Cupric sulfate

Grow copper (II) sulfate crystals

Difficulty:
Danger:
Duration:
2 hours
Experiment's video preview
Chemical formula

Reagents

Safety

  • Put protective gloves on.

  • Conduct the experiment on the tray.

  • Observe safety precautions when working with boiling water.

General safety rules
  • Do not allow chemicals to come into contact with the eyes or mouth.
  • Keep young children, animals and those not wearing eye protection away from the experimental area.
  • Store this experimental set out of reach of children under 12 years of age.
  • Clean all equipment after use.
  • Make sure that all containers are fully closed and properly stored after use.
  • Ensure that all empty containers are disposed of properly.
  • Do not use any equipment which has not been supplied with the set or recommended in the instructions for use.
  • Do not replace foodstuffs in original container. Dispose of immediately.
General first aid information
  • In case of eye contact: Wash out eye with plenty of water, holding eye open if necessary. Seek immediate medical advice.
  • If swallowed: Wash out mouth with water, drink some fresh water. Do not induce vomiting. Seek immediate medical advice.
  • In case of inhalation: Remove person to fresh air.
  • In case of skin contact and burns: Wash affected area with plenty of water for at least 10 minutes.
  • In case of doubt, seek medical advice without delay. Take the chemical and its container with you.
  • In case of injury always seek medical advice.
Advice for supervising adults
  • The incorrect use of chemicals can cause injury and damage to health. Only carry out those experiments which are listed in the instructions.
  • This experimental set is for use only by children over 12 years.
  • Because children’s abilities vary so much, even within age groups, supervising adults should exercise discretion as to which experiments are suitable and safe for them. The instructions should enable supervisors to assess any experiment to establish its suitability for a particular child.
  • The supervising adult should discuss the warnings and safety information with the child or children before commencing the experiments. Particular attention should be paid to the safe handling of acids, alkalis and flammable liquids.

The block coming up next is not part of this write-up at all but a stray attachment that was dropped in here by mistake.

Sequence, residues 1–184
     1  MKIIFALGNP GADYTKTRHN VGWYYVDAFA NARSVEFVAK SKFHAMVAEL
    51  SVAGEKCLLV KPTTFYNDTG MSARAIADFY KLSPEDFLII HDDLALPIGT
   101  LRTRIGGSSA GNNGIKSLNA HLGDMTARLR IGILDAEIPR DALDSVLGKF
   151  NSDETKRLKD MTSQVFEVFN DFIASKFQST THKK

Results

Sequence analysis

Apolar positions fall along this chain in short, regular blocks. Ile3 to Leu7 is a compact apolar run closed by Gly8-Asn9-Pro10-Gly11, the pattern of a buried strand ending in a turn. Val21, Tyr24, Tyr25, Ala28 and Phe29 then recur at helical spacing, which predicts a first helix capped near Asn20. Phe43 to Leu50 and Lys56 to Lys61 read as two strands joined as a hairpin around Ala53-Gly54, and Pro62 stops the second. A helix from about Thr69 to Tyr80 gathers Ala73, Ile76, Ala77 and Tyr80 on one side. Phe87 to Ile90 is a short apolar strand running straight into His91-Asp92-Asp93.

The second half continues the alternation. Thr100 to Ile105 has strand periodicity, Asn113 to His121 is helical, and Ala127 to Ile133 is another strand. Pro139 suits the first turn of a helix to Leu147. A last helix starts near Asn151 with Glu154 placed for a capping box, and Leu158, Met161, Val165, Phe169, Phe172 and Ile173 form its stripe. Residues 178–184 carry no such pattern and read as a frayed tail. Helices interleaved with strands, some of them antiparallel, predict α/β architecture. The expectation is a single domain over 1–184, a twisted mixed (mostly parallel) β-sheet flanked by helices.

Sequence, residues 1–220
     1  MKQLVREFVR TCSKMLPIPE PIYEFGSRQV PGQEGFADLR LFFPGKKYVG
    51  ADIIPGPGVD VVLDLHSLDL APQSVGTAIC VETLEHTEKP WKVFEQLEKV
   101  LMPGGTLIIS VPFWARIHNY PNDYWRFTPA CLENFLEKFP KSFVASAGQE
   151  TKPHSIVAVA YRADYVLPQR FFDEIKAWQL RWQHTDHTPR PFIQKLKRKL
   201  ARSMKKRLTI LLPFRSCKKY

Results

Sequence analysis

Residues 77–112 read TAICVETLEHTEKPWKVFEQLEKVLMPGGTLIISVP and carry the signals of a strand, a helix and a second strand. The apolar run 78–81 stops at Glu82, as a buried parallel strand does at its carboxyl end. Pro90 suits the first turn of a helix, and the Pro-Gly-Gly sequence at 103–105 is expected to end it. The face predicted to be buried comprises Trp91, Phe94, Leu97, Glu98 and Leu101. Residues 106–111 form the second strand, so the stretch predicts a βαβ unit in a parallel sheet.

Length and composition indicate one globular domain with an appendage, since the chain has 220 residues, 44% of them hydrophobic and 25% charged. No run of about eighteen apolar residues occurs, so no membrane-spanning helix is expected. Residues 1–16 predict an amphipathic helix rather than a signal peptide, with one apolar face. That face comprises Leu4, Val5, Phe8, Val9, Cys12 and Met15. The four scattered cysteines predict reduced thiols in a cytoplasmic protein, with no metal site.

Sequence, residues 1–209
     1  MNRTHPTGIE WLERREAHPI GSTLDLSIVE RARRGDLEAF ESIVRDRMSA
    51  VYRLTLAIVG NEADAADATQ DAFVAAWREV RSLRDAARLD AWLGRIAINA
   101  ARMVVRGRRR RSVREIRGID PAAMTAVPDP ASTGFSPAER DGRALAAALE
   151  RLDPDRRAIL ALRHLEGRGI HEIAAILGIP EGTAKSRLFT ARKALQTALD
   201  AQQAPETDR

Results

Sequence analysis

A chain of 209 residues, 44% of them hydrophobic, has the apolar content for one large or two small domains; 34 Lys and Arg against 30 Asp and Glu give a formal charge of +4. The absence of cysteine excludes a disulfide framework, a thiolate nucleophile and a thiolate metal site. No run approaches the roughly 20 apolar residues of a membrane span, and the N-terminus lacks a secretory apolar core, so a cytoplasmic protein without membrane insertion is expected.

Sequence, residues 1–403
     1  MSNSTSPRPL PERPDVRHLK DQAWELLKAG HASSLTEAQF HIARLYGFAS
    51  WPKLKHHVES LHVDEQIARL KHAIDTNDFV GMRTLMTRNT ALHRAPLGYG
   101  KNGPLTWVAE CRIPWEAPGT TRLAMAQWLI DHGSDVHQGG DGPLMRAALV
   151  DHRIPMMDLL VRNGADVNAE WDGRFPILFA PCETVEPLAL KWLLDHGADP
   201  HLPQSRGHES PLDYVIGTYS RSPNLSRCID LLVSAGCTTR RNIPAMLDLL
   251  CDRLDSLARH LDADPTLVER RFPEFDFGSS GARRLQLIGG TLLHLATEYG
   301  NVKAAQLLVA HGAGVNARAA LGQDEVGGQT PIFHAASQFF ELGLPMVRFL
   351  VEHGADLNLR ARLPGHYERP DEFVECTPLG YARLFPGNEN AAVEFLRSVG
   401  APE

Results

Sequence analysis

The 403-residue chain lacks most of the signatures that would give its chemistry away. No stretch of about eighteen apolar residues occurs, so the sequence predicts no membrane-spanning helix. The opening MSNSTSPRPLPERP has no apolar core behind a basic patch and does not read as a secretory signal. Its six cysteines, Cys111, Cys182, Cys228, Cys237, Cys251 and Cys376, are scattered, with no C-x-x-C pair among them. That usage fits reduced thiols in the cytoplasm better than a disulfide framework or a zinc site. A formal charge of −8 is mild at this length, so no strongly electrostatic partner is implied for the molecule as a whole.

• The area surrounding the experiment should be kept clear of any obstructions and away from the storage of food. It should be well lit and ventilated and close to a water supply. A solid table with a heat resistant top should be provided
  • Substances in non-reclosable packaging should be used up (completely) during the course of one experiment, i.e. after opening the package.

FAQ and troubleshooting

I can’t manage to grow the crystal on the wire. What to do?

There are two scenarios possible. In the first one, crystals form on the bottom of the test tube instead of growing on the wire. If so, carefully cut the wire to expose a clean copper surface from the end you stick into the test tube. Repeat the experiment starting from the step 3 of the instruction.

In the second scenario, crystals do grow on the wire, but there are too many of them, and they are small and merging with each other. Well, even a bunch of small crystals looks marvelous, doesn’t it? Still, in order to grow one big crystal, you have to repeat the experiment. First, carefully shake off the crystals from the wire back into the test tube and then follow the instructions starting from the step 3. Note that water in the step 10 must be hot! Remember that growing a nice big crystal requires the whole setup to be cooled gradually.

In any scenario, remember that crystals growing is an art. Don’t get frustrated if you couldn’t manage it from the first or even the second attempt. Have some patience, and you’ll grow your best crystal at last!

Step-by-step instructions

  1. Pour all the copper sulfate bottle contents (5 g) into an empty plastic vial.

  2. Fill the vial with water up to the top.

  3. Close the vial tightly and shake it a few times.

  4. Pour boiling water into a plastic cup, as shown.
    Use caution when working with boiling water!

  5. Place the vial with copper sulfate into the cup with boiling water. Wait for 3 minutes.

  6. Carefully draw the vial from the cup. Shake it thoroughly for 10–20 seconds.

  7. Repeat steps 5 and 6 until all copper sulfate is dissolved.

  8. Form a short piece of copper wire into a figure, as shown. Make sure that it can be securely mounted inside the vial.

  9. Place the copper wire into the vial with copper sulfate solution.

  10. Place the vial back into the cup with hot water. Wait for one hour.

  11. A crystal grown on the copper wire! You may leave the wire in the vial for another 1–2 hours; the crystal will grow even bigger.
Graphical step-by-step instruction

Expected result

A blue transparent crystal of cupric sulfate CuSO4*5H2O grows on a copper wire.